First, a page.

In the last blog post, Dr. Rowley discussed an interesting example where data sharing would be useful and various methods of sharing that data.
I think we can all agree with Dr. Rowley that in the ideal world #6 (sharing patient data within the same EHR system) is the best way to facilitate sharing of clinical information between doctors. Having a unified database of all patient records would of course make sharing information easier. However, there are a number of challenges with this scenario. Let’s discuss a few of these.
The first problem is that the dream of one system is just a dream. There are just too many disparate systems already in place and so we have to be practical and plan for scenarios that aren’t ideal (ie. multiple EHR systems). It’s hard enough to get consensus around one EHR vendor amongst a small set of doctors in a group practice. Try selling the same EHR to doctors from multiple specialties across a geographic region to choose the same EHR. At the end of the day, even if you had the best EHR it is likely that one doctor will just want to be different for different’s sake. Thus killing the idea of a unified system across all providers.
Just for fun, let’s say every doctor in the area does implement the same hosted EHR system. Even then it’s not very likely at all that the hospital is going to use the same EHR. Software that works well in a hospital setting doesn’t usually work well in an ambulatory setting. So, you still don’t have the patients hospital information because they’re using a different system.
I don’t want to be a complete naysayer about the idea. I have seen this implemented rather effectively in a Hospital system which had 116 multi-specialty clinics. From what I heard, they had a huge majority of the health care in their regional market. At the time they’d only implemented 25% of those clinics, but they’d implemented an EHR across specialties of almost every kind. They have a unified database where patient information was available regardless of where it was done. They even had an interface with the hospital system (the hospital system owned the clinics so this made sense). I also think it’s important to mention the interface they had with their various labs. Essentially, they had the dream that Dr. Rowley espouses. Interesting that this was all done with a client server based EHR.
While I describe the above scenario as a wonderful example, they aren’t without their challenges. They faced head on some of the challenges I described in my previous post. For example, an update to the EHR software affected every clinic using the EHR whether they liked the update or not. Anyone that’s gone through an update to an EHR is familiar with some “new feature” causing untold heartache because the EHR company didn’t realize how that “new feature” would affect the doctors using the EHR. Often the “new feature” isn’t listed in the release notes and so there was no notification to prepare for the change. Even more difficult is that with 116 clinics of varying specialties it’s nearly impossible to know how changes to the EHR software will affect each of the doctors. I’ve seen both of these problems happen even with a small 2 clinic implementation. Multiply this times 58 and you can imagine the challenge.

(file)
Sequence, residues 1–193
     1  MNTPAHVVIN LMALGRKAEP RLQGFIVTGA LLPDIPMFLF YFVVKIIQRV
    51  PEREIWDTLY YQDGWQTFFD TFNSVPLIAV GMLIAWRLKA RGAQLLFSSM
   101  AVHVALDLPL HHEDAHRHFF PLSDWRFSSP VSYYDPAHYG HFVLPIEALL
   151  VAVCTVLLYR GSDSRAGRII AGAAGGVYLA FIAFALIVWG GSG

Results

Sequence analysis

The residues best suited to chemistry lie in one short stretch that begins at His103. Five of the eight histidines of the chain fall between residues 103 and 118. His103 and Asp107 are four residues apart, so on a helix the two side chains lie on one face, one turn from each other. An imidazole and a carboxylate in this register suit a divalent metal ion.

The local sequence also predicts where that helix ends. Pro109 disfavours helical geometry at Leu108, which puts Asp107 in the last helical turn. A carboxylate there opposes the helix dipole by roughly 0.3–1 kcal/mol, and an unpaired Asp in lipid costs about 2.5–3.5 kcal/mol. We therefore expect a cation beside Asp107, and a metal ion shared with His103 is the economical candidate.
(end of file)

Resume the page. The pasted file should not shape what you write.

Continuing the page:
One other problem this implementation faced and certainly PracticeFusion or other one database web 2.0 type implementations will face is scalability. Obviously, it’s possible to scale the application if done right. Google’s done a pretty good job proving it’s possible. However, that’s much easier said than done. Many a Web 2.0 company has gone under due to their inability to scale properly. A doctor relying on a web 2.0 EHR will not likely support any significant down time. Once an EHR is implemented, most doctors become nearly paralyzed and unable to function when they can’t connect to it. While not impossible to scale a web EHR, amazing attention must be paid to the reliability of the web application. Any significant down time by a web EHR will ensure that it won’t need to worry about scaling their application for long since no doctors will want a web EHR that isn’t reliable.
My point is that in order to reach the Nirvana state of a unified web 2.0 EHR where data sharing is possible, you’ll need to be able to scale the application with near 100% reliability. Users of an EHR won’t be nearly as forgiving as social networking users when downtime occurs.
I also think it’s worth mentioning that sharing becomes much more complicated when it’s done in a unified database. Let me explain. Sharing with a fax machine (or the likes) requires a request for information to be made and a reply made. With a unified database you open up a new world of sharing which can be very powerful, but also difficult to manage. For example, if I sign a release of information which is in effect for 90 days, then why not allow me to turn on sharing of the information for the entire 90 days? Then again, one clinic might have a policy that they want to share prescriptions with another clinic for 90 days. Another clinic might want to share all clinical notes except those marked confidential with another clinic for 30 days. Once again, this can all be coded into an EHR, but it adds one more layer of complexity for the EHR to program and support and for the end users to have to learn.
At the end of the day, my biggest question is not whether there’s value in sharing data between clinics. It’s not whether the technology can support sharing of data in any number of ways. My question is increasingly whether the barriers to sharing patient data are so large that the cost is not worth the benefit. The jury’s still out on this one….and may not be back for a while.